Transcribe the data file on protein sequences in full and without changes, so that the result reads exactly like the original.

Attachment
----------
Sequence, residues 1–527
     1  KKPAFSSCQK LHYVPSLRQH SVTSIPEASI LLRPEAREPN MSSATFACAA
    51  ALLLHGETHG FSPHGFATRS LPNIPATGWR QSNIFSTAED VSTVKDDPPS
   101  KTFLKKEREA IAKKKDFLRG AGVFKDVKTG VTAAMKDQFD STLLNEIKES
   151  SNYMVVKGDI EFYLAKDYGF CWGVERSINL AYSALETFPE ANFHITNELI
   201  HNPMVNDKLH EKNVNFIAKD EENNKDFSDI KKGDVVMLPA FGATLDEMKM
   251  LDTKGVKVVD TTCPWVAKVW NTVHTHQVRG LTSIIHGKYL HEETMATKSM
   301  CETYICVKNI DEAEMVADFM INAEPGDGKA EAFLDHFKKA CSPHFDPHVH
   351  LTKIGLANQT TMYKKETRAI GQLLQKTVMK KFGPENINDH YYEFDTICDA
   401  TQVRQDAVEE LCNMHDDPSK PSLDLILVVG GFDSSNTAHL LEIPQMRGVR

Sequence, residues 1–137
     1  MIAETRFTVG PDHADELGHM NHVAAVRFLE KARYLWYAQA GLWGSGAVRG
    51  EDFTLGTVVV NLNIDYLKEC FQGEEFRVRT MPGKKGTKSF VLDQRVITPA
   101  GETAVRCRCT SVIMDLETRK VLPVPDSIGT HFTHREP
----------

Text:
Sequence, residues 1–527
     1  KKPAFSSCQK LHYVPSLRQH SVTSIPEASI LLRPEAREPN MSSATFACAA
    51  ALLLHGETHG FSPHGFATRS LPNIPATGWR QSNIFSTAED VSTVKDDPPS
   101  KTFLKKEREA IAKKKDFLRG AGVFKDVKTG VTAAMKDQFD STLLNEIKES
   151  SNYMVVKGDI EFYLAKDYGF CWGVERSINL AYSALETFPE ANFHITNELI
   201  HNPMVNDKLH EKNVNFIAKD EENNKDFSDI KKGDVVMLPA FGATLDEMKM
   251  LDTKGVKVVD TTCPWVAKVW NTVHTHQVRG LTSIIHGKYL HEETMATKSM
   301  CETYICVKNI DEAEMVADFM INAEPGDGKA EAFLDHFKKA CSPHFDPHVH
   351  LTKIGLANQT TMYKKETRAI GQLLQKTVMK KFGPENINDH YYEFDTICDA
   401  TQVRQDAVEE LCNMHDDPSK PSLDLILVVG GFDSSNTAHL LEIPQMRGVR

Sequence, residues 1–137
     1  MIAETRFTVG PDHADELGHM NHVAAVRFLE KARYLWYAQA GLWGSGAVRG
    51  EDFTLGTVVV NLNIDYLKEC FQGEEFRVRT MPGKKGTKSF VLDQRVITPA
   101  GETAVRCRCT SVIMDLETRK VLPVPDSIGT HFTHREP